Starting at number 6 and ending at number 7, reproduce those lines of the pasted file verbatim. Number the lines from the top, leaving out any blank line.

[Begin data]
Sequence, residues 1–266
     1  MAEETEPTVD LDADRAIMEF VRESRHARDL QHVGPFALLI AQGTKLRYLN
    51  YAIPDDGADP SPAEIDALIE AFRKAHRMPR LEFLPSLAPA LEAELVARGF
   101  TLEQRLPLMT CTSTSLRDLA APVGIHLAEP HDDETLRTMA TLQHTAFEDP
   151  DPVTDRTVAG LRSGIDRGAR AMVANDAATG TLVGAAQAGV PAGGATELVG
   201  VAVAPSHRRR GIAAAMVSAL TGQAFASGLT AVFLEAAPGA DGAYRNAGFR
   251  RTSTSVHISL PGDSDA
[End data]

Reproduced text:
   201  VAVAPSHRRR GIAAAMVSAL TGQAFASGLT AVFLEAAPGA DGAYRNAGFR
   251  RTSTSVHISL PGDSDA